Peace would be destruction

Perfection of insolence

Perpetually dropping small innuendos like pebbles

Persons who discussed religious matters were to be put to death

Petty passion for contemptible details

Philip II. gave the world work enough

Philip of Macedon, who considered no city impregnable

Philip IV.

Philip, who did not often say a great deal in a few words

Picturesqueness of crime

Placid unconsciousness on his part of defeat

Plain enough that he is telling his own story

Planted the inquisition in the Netherlands

Played so long with other men's characters and good name

Plea of infallibility and of authority soon becomes ridiculous

Plundering the country which they came to protect

Poisoning, for example, was absolved for eleven ducats

Pope excommunicated him as a heretic

Pope and emperor maintain both positions with equal logic

Portion of these revenues savoured much of black-mail

Possible to do, only because we see that it has been done

Pot-valiant hero

Power the poison of which it is so difficult to resist

Power to read and write helped the clergy to much wealth

Power grudged rather than given to the deputies

Practised successfully the talent of silence

Pray here for satiety, (said Cecil) than ever think of variety

Preferred an open enemy to a treacherous protector

Premature zeal was prejudicial to the cause

Presents of considerable sums of money to the negotiators made

Presumption in entitling themselves Christian

Preventing wrong, or violence, even towards an enemy

Priests shall control the state or the state govern the priests

Princes show what they have in them at twenty-five or never

Prisoners were immediately hanged

Privileged to beg, because ashamed to work

Proceeds of his permission to eat meat on Fridays

Proclaiming the virginity of the Virgin's mother

Procrastination was always his first refuge

Progress should be by a spiral movement

Promises which he knew to be binding only upon the weak

Proposition made by the wolves to the sheep, in the fable

Protect the common tranquillity by blood, purse, and life

Provided not one Huguenot be left alive in France

Public which must have a slain reputation to devour

Purchased absolution for crime and smoothed a pathway to heaven

Puritanism in Holland was a very different thing from England

Put all those to the torture out of whom anything can be got

Putting the cart before the oxen

Queen is entirely in the hands of Spain and the priests

Questioning nothing, doubting nothing, fearing nothing

Quite mistaken: in supposing himself the Emperor's child

Radical, one who would uproot, is a man whose trade is dangerous

Rarely able to command, having never learned to obey

Rashness alternating with hesitation

Rather a wilderness to reign over than a single heretic

Readiness to strike and bleed at any moment in her cause

Readiness at any moment to defend dearly won liberties

Rearing gorgeous temples where paupers are to kneel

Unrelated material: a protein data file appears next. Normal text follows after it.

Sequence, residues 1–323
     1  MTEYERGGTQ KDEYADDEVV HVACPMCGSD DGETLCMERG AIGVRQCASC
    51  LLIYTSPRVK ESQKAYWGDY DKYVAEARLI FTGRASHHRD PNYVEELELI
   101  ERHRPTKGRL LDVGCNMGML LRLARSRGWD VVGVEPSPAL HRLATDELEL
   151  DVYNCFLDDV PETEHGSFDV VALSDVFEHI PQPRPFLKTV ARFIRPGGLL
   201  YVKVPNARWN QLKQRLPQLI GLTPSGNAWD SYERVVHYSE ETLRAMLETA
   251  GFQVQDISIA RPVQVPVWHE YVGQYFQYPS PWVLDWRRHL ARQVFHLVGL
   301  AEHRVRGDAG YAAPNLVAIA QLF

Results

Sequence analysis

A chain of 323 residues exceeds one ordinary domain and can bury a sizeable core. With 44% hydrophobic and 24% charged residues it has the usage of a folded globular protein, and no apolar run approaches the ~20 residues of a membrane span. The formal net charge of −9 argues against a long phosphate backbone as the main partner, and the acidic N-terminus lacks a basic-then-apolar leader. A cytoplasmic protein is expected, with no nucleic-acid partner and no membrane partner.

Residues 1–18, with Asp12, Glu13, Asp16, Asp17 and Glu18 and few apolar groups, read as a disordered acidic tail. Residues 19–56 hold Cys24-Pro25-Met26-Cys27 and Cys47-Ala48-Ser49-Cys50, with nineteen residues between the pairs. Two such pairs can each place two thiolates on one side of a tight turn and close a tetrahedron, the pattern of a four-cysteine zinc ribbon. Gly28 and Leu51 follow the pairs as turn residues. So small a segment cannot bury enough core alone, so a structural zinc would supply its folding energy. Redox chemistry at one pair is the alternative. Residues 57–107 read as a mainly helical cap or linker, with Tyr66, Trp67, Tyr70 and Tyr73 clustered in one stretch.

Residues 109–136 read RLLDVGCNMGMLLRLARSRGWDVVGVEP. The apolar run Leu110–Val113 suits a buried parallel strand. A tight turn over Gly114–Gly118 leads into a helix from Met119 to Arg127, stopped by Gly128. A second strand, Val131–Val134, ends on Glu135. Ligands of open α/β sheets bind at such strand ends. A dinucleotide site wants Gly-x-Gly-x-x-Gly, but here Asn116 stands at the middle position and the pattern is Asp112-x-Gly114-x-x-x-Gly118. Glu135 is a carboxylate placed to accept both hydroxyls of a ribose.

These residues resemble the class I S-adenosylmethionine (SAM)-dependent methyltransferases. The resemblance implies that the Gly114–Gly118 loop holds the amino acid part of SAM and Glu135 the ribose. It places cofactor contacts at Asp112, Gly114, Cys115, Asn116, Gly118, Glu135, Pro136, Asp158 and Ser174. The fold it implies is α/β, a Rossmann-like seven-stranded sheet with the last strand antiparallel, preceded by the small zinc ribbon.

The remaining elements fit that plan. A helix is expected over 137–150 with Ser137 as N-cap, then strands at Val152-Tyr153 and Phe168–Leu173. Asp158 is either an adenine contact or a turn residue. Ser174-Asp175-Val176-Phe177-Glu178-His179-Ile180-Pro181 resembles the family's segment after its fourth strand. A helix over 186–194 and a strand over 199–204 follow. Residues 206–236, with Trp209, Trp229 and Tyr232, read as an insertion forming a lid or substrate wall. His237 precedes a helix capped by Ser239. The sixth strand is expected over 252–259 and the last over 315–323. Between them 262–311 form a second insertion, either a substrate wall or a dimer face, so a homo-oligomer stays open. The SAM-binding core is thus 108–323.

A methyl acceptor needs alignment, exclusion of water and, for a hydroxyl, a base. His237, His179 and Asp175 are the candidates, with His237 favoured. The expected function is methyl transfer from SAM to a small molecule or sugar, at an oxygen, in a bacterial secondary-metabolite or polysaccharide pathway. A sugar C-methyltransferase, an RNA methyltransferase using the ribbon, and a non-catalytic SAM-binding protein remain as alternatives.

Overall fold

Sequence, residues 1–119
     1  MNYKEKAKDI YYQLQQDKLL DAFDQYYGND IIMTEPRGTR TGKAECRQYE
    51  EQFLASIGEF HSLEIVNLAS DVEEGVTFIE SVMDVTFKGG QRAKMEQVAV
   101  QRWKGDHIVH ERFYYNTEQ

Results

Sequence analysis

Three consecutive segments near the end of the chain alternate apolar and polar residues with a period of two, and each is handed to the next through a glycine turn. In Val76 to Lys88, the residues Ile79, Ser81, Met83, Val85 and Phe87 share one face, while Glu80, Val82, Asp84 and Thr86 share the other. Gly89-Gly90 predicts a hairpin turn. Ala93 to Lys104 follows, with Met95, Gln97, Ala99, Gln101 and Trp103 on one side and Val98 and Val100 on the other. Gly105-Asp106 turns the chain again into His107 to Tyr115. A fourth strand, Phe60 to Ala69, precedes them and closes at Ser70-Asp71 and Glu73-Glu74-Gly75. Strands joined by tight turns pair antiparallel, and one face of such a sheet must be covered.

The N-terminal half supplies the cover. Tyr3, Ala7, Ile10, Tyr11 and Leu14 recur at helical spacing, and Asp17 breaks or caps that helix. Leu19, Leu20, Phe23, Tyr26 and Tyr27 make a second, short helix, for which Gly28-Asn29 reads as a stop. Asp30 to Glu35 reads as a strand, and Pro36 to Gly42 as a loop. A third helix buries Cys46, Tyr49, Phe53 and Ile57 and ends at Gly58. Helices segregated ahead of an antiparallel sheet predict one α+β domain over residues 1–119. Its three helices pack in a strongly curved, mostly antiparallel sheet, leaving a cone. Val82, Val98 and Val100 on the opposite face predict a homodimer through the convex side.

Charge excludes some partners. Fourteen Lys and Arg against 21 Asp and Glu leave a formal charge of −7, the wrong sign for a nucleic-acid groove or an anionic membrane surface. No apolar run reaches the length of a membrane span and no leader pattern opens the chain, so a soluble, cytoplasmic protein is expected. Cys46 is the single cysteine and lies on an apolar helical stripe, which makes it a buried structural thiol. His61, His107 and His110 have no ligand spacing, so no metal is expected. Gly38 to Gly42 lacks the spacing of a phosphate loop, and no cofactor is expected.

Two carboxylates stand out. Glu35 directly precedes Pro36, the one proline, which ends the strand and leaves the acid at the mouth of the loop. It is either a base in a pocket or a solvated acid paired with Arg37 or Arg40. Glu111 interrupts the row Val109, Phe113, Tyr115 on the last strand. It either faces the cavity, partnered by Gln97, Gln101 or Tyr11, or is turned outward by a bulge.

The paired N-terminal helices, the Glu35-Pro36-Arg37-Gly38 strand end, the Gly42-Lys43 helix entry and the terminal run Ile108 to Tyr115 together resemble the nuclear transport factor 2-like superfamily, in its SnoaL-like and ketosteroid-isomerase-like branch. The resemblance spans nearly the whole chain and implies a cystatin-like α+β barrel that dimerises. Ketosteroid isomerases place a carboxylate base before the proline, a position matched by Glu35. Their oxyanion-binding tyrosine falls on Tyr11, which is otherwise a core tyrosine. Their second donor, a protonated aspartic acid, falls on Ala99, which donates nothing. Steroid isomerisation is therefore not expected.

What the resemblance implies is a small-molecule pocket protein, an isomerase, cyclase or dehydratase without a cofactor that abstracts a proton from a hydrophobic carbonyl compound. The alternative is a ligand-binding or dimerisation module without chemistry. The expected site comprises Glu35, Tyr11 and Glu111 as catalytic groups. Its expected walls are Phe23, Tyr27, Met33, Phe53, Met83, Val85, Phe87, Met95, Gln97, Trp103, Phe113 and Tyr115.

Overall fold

Reasonable to pay our debts rather than to repudiate them

Rebuked him for his obedience

Rebuked the bigotry which had already grown

Recall of a foreign minister for alleged misconduct in office

Reformer who becomes in his turn a bigot is doubly odious

Reformers were capable of giving a lesson even to inquisitors

Religion was made the strumpet of Political Ambition

Religion was rapidly ceasing to be the line of demarcation

Religion was not to be changed like a shirt

Religious toleration, which is a phrase of insult

Religious persecution of Protestants by Protestants

Repentance, as usual, had come many hours too late

Repentant males to be executed with the sword

Repentant females to be buried alive

Repose under one despot guaranteed to them by two others

Repose in the other world, "Repos ailleurs"

Republic, which lasted two centuries

Republics are said to be ungrateful

Repudiation of national debts was never heard of before

Requires less mention than Philip III himself

Resolve to maintain the civil authority over the military

Resolved thenceforth to adopt a system of ignorance

Respect for differences in religious opinions

Result was both to abandon the provinces and to offend Philip

Revocable benefices or feuds

Rich enough to be worth robbing

Righteous to kill their own children

Road to Paris lay through the gates of Rome

Rose superior to his doom and took captivity captive

Round game of deception, in which nobody was deceived

Royal plans should be enforced adequately or abandoned entirely

Ruinous honors

Rules adopted in regard to pretenders to crowns

Sacked and drowned ten infant princes

Sacrificed by the Queen for faithfully obeying her orders

Safest citadel against an invader and a tyrant is distrust

Sages of every generation, read the future like a printed scroll

Saint Bartholomew's day

Sale of absolutions was the source of large fortunes to the priests

Same conjury over ignorant baron and cowardly hind